March 31, 2020
Last week, President Trump signed into law the Coronavirus Aid, Relief, and Economic Security (CARES) Act. The $2 trillion coronavirus relief package will provide financial support for the nation’s families and working people, stabilize the economy, provide relief for small business, support hospitals and schools, and protect jobs.
The bill includes nearly $350 billion for a Paycheck Protection Program to provide small business with zero-fee loans for up to $10 million. The bill also includes $10 billion in funding to provide an advance of $10,000 to small businesses that apply for an SBA economic injury disaster loan (EIDL) within three days of applying for the loan. SBA is still working through how these loans will be administered and will post guidance soon.
For agriculture, the bill provides: $9.5 billion to support farmers who are experiencing financial losses due to the coronavirus crisis, $14 billion through the Commodity Credit Corporation, $3 million to support an increase in capacity to help USDA Farm Service Agency meet increased demands from farmers, and eligibility for farmers and agricultural and rural businesses to receive up to $10 million in small business interruption loans.
Feb. 20, 2020
President Trump released details of the administration’s FY 2021 budget request. The President’s budget, A Budget for America’s Future, proposes $4.4 trillion in savings over the next 15 years. The budget cuts $48 billion in discretionary funding, including $28 billion from program eliminations and $20 billion in reductions.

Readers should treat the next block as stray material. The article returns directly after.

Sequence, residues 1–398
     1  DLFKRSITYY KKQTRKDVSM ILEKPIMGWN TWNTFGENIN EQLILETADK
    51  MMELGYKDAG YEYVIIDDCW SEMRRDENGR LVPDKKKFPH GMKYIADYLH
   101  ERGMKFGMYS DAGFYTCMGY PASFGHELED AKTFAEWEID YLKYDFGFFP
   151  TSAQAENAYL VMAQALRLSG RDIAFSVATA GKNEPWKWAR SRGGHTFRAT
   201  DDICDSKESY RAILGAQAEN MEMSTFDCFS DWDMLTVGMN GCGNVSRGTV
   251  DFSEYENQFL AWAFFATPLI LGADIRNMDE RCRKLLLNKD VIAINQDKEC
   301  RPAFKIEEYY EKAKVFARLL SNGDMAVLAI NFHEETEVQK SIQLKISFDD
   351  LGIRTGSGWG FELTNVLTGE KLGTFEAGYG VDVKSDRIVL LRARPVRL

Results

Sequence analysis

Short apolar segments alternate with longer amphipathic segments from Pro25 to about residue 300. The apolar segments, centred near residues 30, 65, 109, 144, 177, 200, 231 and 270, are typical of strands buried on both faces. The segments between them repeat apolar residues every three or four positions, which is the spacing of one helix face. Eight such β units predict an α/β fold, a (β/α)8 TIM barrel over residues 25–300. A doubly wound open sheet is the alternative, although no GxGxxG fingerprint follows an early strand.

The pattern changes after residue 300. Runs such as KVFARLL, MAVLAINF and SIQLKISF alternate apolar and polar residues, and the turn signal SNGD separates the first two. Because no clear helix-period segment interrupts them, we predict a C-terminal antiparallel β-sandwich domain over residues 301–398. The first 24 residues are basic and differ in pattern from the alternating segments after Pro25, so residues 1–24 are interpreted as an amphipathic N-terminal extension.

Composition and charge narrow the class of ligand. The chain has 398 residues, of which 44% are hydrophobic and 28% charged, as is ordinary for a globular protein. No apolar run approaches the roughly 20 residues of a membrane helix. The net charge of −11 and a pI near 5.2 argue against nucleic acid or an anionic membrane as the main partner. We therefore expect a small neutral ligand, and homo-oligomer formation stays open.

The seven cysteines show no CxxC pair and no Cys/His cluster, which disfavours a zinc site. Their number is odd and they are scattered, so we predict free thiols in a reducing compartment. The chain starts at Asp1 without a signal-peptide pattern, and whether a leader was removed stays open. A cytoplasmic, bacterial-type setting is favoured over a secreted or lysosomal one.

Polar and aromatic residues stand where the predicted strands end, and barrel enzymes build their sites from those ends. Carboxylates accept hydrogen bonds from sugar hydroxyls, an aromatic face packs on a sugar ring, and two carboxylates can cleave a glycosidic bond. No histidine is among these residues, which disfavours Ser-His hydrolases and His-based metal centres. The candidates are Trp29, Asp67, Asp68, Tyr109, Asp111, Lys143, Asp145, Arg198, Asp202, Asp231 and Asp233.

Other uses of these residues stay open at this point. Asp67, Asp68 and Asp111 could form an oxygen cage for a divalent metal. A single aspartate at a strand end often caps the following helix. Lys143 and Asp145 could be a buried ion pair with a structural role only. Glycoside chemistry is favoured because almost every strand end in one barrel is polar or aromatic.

For EPA, the budget requests $6.7 billion, a $2.4 billion or 26% decrease from FY 2020, cutting 50 program it considers wasteful. The budget also finds cost savings by decreasing funding for USDA’s Agricultural Research Service’s Floriculture and Nursery Research Initiative. The budget includes a $3,181,000 decrease in funding for FNRI.
The President’s budget provides $18.2 billion, an increase in $800 million, for U.S. Customs and Border Patrol, specifically including “preventing the spread of agricultural pests and diseases” as one of the four core priorities. Additionally, there is an increase in Agricultural Quarantine and Inspection Fees. These fees are collected to recover the costs of inspection activities for international passengers, conveyances, animals, plants, and agricultural goods at point of entries. This authority established fees on five modes of international passenger and conveyance transportation: International air passengers, commercial aircraft, commercial vessels, commercial trucks, and commercially loaded rail cars.
Ag Guestworker Bill
The House voted 260 to 165 to pass H.R. 5038, the Farm Workforce Modernization Act of 2019, in December. The bill, sponsored by Rep. Zoe Lofgren (D-CA) and Rep. Dan Newhouse (R-WA), seeks to improve the agricultural visa programs to better accommodate the needs of U.S. farmers and immigrant agricultural workers.
The bill includes: a requirement for Certified Agricultural Worker status applicants to show proof of agricultural employment for 180 days over the last two years; five-year renewable agricultural visas for qualified applicants with an option for permanent resident status; nationwide H-2A visa program changes; wage reform; and language to streamline the filing of applications.
U.S. Signs Phase One of Trade Agreement with China
On January 15, President Trump signed Phase One of the trade agreement with China. The pact increases farm and energy exports and additional protection for American technology and trade secrets. In the agreement, China commits to purchasing an additional $200 billion worth of U.S. goods and services.